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Amelioration of autoimmune disease with inhibition of FLT3 signaling targets
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March 30, 2010  |  Posted in  Steroids Blog

Amelioration of autoimmune disease with inhibition of FLT3 signaling targetsA gene pathway linked to a deadly form of leukemia can offer a new way for treating autoimmune diseases, including multiple sclerosis, as per scientists at the Johns Hopkins Kimmel Cancer Center.

During the study comprising of tests in cell cultures and mice, it was found that pathway blocking via FLT3 (blood cell growth gene) interference can help in targeting an immune system cell often ignored in favor of T-cell targets in standard therapies.

From News-Medical.Net:

A characteristic of autoimmune diseases is that patients’ immune T-cells mistake normal cells in the body for foreign ones. Current therapies, such as steroids, are designed to suppress T-cell responses. But the Hopkins investigators believe that targeting dendritic cells may stop the faulty immune response at a higher “upstream” level since T-cells frequently receive their information from dendritic cells.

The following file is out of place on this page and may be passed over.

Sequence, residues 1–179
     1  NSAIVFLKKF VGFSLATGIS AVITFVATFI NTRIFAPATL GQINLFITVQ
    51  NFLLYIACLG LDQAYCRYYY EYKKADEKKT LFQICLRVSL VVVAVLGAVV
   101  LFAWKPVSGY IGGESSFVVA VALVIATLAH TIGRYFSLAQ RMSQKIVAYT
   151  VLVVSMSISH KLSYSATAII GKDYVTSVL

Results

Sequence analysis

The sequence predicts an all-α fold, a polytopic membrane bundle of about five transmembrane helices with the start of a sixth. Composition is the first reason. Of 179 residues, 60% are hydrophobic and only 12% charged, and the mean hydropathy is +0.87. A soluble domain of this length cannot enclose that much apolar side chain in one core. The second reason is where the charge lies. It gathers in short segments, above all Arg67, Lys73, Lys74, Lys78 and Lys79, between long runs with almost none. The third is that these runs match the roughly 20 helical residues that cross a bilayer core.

Testing their idea, Small and his Hopkins colleague Katherine Whartenby used an experimental compound called CEP-701, already known to block actions of the growth-promoting FLT3 gene, on human dendritic cells and in mice engineered to mimic multiple sclerosis, a disease that causes T-cells to destroy the myelin protein sheath around nerves in the central nervous system. The drug had a similar effect on dendritic cells, causing most of them to die. In the mouse model, investigators found that more of the myelin sheath was preserved in mice treated with CEP-701 than those not treated.

Donald Small, M.D., Ph.D., professor at the Johns Hopkins Kimmel Cancer Center, whose findings appear in the Proceedings of the National Academy of Sciences, said that dendritic cells can be stopped from triggering harmful responses against a patient’s own body by using a drug to block FLT3 gene signaling.

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